“Nathaniel and Sam have a pretty ridiculous network,” Matthew Termine, one of the Hunterbrook reporters on the U.W.M. investigation, told me. E-mails that Koppelman wrote to the chair of Sony Entertainment about his application to Harvard appeared in the 2014 Sony Pictures leak, as did a note to the school on his behalf from Matt Damon. (Koppelman’s father co-wrote “Rounders” and “Ocean’s Thirteen.”) For a time, he dated the “Euphoria” star Maude Apatow. Horwitz, for his part, once wrote about a series of conversations he had with the Theranos founder Elizabeth Holmes as her life and company crumbled. Hunterbrook’s advisers include Paul Steiger, the founder of ProPublica, and Daniel Okrent, the first public editor of the Times. Former Wall Street Journal editor-in-chief Matt Murray and the financial journalist Bethany McLean gave notes on the U.W.M. investigation before publication. Hunterbrook’s hedge fund has raised a hundred million dollars, and the company received seed funding from, among others, the venture arm of Laurene Powell Jobs’s Emerson Collective and the hedge-fund billionaire Marc Lasry, who, Brian Koppelman once told the Financial Times, helped the “Billions” showrunner develop an “understanding of the billionaire psyche.”

Termine, a lawyer by training, had attracted some notice for helping to uncover documents associated with a Brooklyn brownstone owned at the time by the 2016 Trump-campaign chairman Paul Manafort. Late last year, Termine was working at a mortgage-industry startup when the Financial Times ran a piece about Hunterbrook. He was familiar with an ultimatum that U.W.M. had publicly issued in 2021, stipulating that any brokers who did business with the company could not also work with its two closest competitors. “Over all, the idea was ‘All right, let’s see what the public records show about the impact of this ultimatum,’ ” Termine said. But his initial conversations with Koppelman were more broadly about how he might use public records to investigate stories. Because Hunterbrook operates under the S.E.C. rules that govern hedge funds, it relies on open-source journalism, meaning it can only seek out information that is already public. “My view was that real estate was a great area of potential focus for them,” Termine said. “Just because there’s so much public-record data out there.”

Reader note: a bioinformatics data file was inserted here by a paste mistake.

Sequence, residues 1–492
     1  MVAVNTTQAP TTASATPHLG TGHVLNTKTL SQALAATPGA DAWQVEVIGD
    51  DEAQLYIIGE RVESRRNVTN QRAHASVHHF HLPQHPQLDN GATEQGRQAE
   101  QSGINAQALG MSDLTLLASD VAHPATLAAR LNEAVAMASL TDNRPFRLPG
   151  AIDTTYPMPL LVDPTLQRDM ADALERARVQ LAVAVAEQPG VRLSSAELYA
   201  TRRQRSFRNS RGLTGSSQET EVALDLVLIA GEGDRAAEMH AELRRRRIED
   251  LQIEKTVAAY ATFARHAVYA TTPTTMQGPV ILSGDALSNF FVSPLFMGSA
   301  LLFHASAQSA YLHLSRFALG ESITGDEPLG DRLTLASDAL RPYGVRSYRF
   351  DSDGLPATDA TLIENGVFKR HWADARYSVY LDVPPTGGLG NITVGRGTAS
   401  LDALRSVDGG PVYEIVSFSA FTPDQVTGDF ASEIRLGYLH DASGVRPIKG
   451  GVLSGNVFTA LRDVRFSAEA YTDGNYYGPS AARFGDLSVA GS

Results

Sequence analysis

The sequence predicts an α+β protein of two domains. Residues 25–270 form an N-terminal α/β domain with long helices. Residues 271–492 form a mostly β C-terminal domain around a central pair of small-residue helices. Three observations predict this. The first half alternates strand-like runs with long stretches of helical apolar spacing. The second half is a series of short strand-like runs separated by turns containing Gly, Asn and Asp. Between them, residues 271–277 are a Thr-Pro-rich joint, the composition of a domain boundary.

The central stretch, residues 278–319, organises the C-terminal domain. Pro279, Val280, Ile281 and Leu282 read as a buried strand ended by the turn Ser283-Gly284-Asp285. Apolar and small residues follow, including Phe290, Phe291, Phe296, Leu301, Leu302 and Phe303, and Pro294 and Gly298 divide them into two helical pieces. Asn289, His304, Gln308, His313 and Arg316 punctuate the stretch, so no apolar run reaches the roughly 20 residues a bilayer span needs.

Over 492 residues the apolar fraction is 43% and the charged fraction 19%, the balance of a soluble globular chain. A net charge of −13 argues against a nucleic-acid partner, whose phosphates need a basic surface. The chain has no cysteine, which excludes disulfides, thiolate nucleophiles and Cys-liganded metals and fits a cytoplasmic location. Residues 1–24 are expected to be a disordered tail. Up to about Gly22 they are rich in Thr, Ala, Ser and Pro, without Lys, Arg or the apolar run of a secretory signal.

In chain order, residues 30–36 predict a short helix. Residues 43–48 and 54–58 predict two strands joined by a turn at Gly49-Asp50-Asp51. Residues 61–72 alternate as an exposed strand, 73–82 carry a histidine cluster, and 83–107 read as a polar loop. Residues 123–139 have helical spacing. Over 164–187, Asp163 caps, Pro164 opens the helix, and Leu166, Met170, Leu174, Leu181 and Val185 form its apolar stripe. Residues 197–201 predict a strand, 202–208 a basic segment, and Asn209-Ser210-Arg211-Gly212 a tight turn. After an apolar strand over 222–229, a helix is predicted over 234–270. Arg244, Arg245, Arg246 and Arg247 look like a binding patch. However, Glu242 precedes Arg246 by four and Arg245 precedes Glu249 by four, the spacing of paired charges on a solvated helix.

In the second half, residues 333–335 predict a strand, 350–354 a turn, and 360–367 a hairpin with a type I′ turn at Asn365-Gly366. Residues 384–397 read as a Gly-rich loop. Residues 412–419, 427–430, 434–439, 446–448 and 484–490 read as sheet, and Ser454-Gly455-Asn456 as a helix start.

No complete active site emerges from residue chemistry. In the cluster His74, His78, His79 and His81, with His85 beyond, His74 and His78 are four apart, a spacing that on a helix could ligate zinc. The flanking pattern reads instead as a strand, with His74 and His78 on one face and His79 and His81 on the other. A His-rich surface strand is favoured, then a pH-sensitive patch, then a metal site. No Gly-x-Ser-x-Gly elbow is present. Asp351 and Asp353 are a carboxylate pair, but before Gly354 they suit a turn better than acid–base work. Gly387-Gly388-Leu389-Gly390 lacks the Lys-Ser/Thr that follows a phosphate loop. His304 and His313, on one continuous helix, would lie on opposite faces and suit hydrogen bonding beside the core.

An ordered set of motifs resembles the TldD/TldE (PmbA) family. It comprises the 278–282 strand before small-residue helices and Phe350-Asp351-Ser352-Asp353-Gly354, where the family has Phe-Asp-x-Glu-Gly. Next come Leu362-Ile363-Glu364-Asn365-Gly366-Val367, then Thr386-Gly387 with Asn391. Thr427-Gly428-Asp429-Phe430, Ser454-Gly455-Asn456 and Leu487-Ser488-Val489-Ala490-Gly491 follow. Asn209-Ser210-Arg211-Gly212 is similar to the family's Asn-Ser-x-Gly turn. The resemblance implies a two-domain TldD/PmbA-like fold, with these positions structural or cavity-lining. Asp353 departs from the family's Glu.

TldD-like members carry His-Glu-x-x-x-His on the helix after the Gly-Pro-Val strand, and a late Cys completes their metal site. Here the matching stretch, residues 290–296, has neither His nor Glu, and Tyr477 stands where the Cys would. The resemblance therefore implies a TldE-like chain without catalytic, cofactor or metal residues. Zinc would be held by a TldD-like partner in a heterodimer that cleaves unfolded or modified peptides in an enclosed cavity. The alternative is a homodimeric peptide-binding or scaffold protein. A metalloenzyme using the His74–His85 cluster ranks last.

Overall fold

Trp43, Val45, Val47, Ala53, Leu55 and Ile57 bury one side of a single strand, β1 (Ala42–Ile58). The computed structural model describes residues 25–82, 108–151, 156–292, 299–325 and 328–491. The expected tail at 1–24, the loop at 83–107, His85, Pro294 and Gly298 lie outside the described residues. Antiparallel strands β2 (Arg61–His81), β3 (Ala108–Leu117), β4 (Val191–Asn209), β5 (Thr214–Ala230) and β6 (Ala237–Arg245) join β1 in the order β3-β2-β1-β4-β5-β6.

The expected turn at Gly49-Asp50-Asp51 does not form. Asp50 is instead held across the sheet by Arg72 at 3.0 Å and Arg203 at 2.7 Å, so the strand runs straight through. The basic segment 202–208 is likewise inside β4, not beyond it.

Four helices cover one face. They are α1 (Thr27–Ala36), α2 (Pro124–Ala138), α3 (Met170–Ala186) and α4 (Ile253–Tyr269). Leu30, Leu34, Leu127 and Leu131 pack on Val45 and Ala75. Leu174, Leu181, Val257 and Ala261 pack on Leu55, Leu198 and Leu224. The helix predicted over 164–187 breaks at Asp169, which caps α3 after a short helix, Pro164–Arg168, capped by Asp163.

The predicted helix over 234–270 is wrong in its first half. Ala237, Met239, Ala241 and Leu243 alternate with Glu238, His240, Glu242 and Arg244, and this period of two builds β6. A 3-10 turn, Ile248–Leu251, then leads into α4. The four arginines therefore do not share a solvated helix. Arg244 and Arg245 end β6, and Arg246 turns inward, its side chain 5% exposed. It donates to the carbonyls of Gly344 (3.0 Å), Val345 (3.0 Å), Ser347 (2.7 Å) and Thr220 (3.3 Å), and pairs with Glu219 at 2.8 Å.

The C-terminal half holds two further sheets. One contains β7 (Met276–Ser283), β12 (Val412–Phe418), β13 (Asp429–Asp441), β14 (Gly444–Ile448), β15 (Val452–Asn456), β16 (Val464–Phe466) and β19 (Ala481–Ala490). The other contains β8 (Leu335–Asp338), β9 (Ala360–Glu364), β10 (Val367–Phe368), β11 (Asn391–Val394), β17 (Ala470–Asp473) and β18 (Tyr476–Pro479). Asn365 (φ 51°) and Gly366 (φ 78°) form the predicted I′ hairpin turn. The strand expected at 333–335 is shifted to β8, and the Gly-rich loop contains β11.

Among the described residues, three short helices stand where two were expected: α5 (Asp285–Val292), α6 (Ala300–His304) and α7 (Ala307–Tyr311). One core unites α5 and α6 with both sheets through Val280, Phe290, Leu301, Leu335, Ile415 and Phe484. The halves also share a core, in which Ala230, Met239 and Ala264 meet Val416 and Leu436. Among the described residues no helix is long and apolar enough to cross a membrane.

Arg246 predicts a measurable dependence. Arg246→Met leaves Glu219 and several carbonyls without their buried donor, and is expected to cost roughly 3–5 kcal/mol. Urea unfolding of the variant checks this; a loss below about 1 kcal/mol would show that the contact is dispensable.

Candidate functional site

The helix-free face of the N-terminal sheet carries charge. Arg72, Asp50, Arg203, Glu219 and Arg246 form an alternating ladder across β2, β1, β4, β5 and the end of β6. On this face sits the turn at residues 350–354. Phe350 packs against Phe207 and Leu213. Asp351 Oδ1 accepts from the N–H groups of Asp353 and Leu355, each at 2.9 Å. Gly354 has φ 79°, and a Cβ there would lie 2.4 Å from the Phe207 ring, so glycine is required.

For the U.W.M. investigation, Hunterbrook cross-referenced two enormous data sets—one detailing individual mortgages, the other with information on the agents who brokered the loans—to show that, in many cases, mortgage brokers were funnelling business exclusively to U.W.M. The profanity-laced voice mail had emerged on Facebook and Reddit; Hunterbrook said it ran it through A.I.-detection software to help verify its authenticity. The investigation, which was published in early April, drew praise for its substantive look at U.W.M.’s business practices. “Monopolistic behavior is everywhere,” Matt Stoller, a liberal political commentator, posted on X. Hunterbrook boasted online that U.W.M. had removed videos from its Web site which Hunterbrook said contained misleading information about the mortgage-broker process. (A spokesperson for U.W.M. said that the videos were taken down for unrelated reasons.) Koppelman appeared on CNBC and the podcast of his close friend Pablo Torre, a sports reporter and ESPN commentator, to promote the story.